The pop songs of my formative years nearly always seemed to be about summer. "Here comes the summer," the Undertones boyishly proclaimed.
The pop songs of my formative years nearly always seemed to be about summer. "Here comes the summer," the Undertones boyishly proclaimed. "Won't be long before the summer comes", Thin Lizzy chipped in, apropos a warning that the "boys" (another essential part of summer) would soon be back in town. There would be summer breezes, summer nights, summerlove sensations, the latter taking place in an abstract "somewhere in summertime" or more specifically in summernight cities, long hot summers when school was out spent walking on the beaches looking at the peaches. The vista they conjured up was infinitely remote and infinitely alluring – a kind of endless burnished horizon over which you strode like a molten god towards the pier-end girl with her polka dot bikini and enticing smile.
All the more enticing in that it – the girl, the smile, the burnished horizon, the whole package – offered such a stark contrast to the reality of the average British family holiday of 25 years ago. Plenty of male confessional writers have elegised the football matches, the music and the TV shows of the 1970s. No one, oddly enough, has got round to the '70s holiday, that grim jaunt by fitfully goaded car – siblings chattering beside you on the back seat – to some godforsaken seaside resort or benighted Yorkshire dale, and a prospect of wormcasted beaches, brisk walks through slanting North Sea winds, rain, and eternal games of Monopoly.
It is no disrespect to one's parents to say that some of the most tedious hours of early teenage life are spent on holiday: dragged away from private pursuits by the mysterious necessity of finding something to "do" (I just wanted to read) to fetch up in some dreadful communal dustbin stinking of chips and sun tan oil. The great advantage of Kubla Khan's stately pleasure dome, I swiftly divined from Coleridge, was that it was reserved for Kubla Khan.
Curiously enough, the advent of self-determination – those university vacations when one was supposed to be able to fashion one's own existence – was even worse. Even now, two decades later, I can still remember fragments of the conversations exchanged in college bars on October evenings by bronzed 20-year-olds back from God knows where. "Of course, you can only see the llamas in the highest passes ... I had to have antibiotics for the saddle sores ... Two thousand drachmae to the pound etc". A girl I knew even went so far as to found a university Globetrotters society. This seemed to me an extraordinarily futile gesture, on a par with collecting bus-tickets. I never wanted to trot globes: I simply wanted to go home.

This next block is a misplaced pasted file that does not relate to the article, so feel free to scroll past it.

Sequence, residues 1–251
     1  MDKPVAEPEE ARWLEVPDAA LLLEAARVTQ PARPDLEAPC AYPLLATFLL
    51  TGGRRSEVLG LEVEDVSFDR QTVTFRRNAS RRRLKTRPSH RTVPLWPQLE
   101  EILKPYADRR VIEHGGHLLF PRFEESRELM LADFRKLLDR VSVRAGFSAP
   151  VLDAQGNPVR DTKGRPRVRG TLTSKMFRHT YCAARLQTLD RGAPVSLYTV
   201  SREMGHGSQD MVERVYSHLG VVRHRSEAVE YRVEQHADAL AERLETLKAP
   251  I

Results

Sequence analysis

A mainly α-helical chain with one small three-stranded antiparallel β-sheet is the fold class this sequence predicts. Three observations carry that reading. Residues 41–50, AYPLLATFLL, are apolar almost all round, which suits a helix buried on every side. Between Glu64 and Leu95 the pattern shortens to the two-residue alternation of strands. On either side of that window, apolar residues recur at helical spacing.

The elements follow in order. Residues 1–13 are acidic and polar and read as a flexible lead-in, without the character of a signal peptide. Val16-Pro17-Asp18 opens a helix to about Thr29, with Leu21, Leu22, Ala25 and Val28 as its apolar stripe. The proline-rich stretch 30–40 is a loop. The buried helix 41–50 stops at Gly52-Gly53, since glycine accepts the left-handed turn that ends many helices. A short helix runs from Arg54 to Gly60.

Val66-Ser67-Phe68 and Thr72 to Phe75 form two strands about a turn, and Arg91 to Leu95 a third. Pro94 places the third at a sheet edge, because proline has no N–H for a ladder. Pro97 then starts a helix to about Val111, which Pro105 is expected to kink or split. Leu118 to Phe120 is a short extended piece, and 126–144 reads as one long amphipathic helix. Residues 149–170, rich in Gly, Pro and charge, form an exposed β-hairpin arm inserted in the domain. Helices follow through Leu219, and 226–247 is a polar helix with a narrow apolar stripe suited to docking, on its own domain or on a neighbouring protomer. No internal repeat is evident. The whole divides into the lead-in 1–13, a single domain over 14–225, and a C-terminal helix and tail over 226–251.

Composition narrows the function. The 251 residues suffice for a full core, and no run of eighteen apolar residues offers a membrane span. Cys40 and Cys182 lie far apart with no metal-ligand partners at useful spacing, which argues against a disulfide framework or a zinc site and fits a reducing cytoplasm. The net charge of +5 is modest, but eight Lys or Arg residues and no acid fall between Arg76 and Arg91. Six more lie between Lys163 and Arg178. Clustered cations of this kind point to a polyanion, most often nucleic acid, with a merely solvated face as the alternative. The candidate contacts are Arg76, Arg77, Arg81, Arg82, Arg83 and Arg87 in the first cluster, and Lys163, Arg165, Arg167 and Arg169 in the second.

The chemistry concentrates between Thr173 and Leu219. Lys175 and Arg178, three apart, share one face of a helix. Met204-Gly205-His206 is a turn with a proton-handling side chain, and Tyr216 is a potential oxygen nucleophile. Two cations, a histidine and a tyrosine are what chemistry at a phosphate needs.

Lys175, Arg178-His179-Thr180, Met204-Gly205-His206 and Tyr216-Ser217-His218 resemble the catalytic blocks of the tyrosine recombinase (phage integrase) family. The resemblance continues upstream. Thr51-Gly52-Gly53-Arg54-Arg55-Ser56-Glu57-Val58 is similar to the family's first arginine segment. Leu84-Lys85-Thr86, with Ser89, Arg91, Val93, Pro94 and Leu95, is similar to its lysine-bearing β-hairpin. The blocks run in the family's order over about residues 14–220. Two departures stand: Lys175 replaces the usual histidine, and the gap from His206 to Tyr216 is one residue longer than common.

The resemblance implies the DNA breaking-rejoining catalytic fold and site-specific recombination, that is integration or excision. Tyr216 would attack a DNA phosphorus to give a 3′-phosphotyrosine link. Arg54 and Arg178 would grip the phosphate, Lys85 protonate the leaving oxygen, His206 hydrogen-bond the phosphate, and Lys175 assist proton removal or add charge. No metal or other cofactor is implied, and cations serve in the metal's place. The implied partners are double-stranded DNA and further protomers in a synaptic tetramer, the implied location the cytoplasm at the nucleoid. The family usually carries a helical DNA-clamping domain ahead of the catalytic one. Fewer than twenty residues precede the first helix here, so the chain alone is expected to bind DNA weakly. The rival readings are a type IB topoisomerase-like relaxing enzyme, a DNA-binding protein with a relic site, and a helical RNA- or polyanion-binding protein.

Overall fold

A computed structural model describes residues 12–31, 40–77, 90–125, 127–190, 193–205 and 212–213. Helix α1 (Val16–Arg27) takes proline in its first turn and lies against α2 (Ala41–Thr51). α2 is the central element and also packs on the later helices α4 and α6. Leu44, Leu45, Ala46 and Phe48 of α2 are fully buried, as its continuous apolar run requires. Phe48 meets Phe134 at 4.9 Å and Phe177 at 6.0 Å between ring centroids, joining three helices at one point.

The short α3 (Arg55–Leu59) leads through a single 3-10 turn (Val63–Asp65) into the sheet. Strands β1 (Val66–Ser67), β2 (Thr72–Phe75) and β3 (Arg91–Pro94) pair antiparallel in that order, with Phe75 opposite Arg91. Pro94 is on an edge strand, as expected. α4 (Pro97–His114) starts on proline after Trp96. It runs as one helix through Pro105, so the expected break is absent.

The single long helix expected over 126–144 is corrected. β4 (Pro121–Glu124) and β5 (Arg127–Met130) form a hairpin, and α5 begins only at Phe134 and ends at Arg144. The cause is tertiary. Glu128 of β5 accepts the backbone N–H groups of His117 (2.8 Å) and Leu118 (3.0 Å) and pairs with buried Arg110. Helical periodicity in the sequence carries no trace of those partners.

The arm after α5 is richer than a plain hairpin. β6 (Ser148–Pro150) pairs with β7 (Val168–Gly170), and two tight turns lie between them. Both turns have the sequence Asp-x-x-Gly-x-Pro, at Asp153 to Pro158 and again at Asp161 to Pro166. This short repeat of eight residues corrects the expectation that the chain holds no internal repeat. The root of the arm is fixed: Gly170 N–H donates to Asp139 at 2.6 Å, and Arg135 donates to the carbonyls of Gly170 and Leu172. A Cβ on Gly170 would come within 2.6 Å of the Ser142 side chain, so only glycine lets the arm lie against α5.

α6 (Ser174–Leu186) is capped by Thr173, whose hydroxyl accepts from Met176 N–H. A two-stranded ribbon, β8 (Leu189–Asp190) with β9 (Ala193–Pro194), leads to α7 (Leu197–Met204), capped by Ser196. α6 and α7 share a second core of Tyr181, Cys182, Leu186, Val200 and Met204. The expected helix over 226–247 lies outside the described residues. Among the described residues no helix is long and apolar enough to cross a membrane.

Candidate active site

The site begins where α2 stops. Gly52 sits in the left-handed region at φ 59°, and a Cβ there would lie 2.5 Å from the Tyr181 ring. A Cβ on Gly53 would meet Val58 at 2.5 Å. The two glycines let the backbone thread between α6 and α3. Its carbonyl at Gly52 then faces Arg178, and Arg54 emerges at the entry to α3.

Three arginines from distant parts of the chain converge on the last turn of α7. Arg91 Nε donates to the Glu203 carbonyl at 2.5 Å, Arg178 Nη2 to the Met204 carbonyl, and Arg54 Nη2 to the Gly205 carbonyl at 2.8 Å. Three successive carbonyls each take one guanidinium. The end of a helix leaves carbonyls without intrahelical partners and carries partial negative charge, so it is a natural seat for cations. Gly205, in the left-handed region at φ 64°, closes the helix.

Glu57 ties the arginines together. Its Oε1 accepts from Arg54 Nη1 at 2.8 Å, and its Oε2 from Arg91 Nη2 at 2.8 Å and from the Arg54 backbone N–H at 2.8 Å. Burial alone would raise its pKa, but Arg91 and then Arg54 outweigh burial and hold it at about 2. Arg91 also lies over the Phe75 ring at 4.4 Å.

At the heart of this engrained dissatisfaction with the idea of the holiday lay not so much that traditional puritan mistrust of the exotic ("Travel narrows the mind" Malcolm Muggeridge once famously remarked) as an awareness of some of the terrible ironies with which the leisure process is invested. Given three months' holiday aged 20, without the money or the intellectual resources to make use of it, one just went away and moped. Given a well-funded adult trip 20 years later one simply gets on with the childcare before some agreeable scenery.
Inevitably, there are distinctions to be made. Spain with three pre-teen children is still Spain, after all, rather than the Gothic boarding houses of Southsea, Hants. There are also, it turns out, compensations to be had from this trip from bored adolescence to harassed adulthood. This week, for example, a gesture of unparalleled wifely philanthropy will find me alone in the house while Rachel takes the children to her mother's. Entire Hollywood films, whole English adultery novels, have been predicated on the home-alone-husband and what he gets up to in wifey's absence. According to all the laws of abandoned manhood, I should be ordering up the six-packs, checking the sports channels and eyeing up Miss Barbara Bedworthy in Channel 5's It's Nicer Lying Down. But there are other, less flagrant, kinds of self-indulgence. Come Tuesday night, the dutiful phone call made, I can practically guarantee that having spent a long, sequestered day defiling the virgin page with two or three thousand fondly chosen words I shall have drunk half a bottle of Waitrose Liebfraumilch and be listening to a 20-year-old Siouxsie and the Banshees CD while doing the washing-up by hand rather than using the wretched dishwasher. Not quite what Feargal Sharkey and the boys had in mind, perhaps, but there are worse destinies.Reuse content